Ex. Given the demand rate of 1 per day.

    Suppose that ordering becomes infrequent with fixed ordering costs.

    What happens to the standard deviation of order sizes over a month of 30 days while the

    standard deviation of demand is constant at zero?

    Order Once in

    1 day 2 days 3 days 4 days 5 days

    St deviation 0 1.017 1.438 1.799 2.034

    Sales commissioned salespeople tend to close deals generally at the end of a period (such as a month or a year). Few orders early in the month; many orders later in the month.

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    3. Price Variations Frequent markdowns or promotions by the supplier will distress SC.

    Smart (strategic) retailers will wait for the lower price.

    Suppliers demand is not uniform because orders shift to low price periods.

    Overstocking buying inventory in low-cost periods and consuming it at other times

    First-time home buyer tax credit of $8000, cash for clunkers and mall traffic during holidays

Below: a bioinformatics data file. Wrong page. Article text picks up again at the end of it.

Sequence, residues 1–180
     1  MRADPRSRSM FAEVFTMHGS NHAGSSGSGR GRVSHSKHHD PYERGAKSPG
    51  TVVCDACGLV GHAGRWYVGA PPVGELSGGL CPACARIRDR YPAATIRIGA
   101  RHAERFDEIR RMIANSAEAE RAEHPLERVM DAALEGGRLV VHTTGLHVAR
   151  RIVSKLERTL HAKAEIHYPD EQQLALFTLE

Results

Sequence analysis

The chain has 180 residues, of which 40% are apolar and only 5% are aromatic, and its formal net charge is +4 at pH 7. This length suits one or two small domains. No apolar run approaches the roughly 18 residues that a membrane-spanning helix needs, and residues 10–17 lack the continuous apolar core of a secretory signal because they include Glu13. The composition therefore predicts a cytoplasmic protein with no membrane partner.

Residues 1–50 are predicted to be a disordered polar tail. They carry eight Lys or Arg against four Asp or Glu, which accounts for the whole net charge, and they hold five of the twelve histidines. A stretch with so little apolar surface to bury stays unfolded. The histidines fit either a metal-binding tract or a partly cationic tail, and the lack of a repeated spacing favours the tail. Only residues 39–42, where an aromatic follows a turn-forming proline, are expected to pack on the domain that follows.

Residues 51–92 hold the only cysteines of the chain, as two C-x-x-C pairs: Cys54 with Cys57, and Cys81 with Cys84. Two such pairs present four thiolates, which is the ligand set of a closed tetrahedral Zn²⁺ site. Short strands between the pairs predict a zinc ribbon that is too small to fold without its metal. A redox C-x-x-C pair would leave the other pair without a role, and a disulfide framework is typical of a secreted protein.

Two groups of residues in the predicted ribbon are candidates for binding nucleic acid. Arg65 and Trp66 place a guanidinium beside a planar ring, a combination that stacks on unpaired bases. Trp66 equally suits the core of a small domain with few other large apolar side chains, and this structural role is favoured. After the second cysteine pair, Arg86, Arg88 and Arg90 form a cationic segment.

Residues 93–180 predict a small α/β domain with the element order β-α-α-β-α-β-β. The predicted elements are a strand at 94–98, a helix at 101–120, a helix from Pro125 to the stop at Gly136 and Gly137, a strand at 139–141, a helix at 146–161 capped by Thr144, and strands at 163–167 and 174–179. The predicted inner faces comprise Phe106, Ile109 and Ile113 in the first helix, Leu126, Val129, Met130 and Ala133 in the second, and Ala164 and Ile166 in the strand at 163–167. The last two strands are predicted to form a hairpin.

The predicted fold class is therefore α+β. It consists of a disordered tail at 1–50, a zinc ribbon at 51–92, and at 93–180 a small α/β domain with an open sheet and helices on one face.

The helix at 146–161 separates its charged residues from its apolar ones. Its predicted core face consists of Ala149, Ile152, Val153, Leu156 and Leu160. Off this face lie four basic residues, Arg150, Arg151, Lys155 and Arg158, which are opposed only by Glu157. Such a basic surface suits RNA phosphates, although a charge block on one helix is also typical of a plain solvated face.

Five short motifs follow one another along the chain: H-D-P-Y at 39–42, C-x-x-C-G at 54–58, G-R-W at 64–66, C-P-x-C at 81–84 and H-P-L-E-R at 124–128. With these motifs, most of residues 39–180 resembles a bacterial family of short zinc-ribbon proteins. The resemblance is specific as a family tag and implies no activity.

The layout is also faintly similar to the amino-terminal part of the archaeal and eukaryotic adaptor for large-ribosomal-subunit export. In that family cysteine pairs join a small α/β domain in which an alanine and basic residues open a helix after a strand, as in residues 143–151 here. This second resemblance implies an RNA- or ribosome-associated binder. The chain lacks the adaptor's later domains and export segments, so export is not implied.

Even when there is no price trends but variability, a risk sensitive company will order in larger quantities to reduce the exposure to price variability.

    Southwest airlines buys jet gas in advance to reduce its risk exposure to oil prices

    The reverse can be argued for a risk-seeking retailer. But many SC partners are not risk-seeking.

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    Beergame results 2002 Spring

    Factory DC W/H Retailer

    112 93 71 46 Year 2002

    46 45 48 47 Year 2002

    50 51 51 51 Year 2002

    Average demand=50, stdev=20, daily averages and stdev of orders: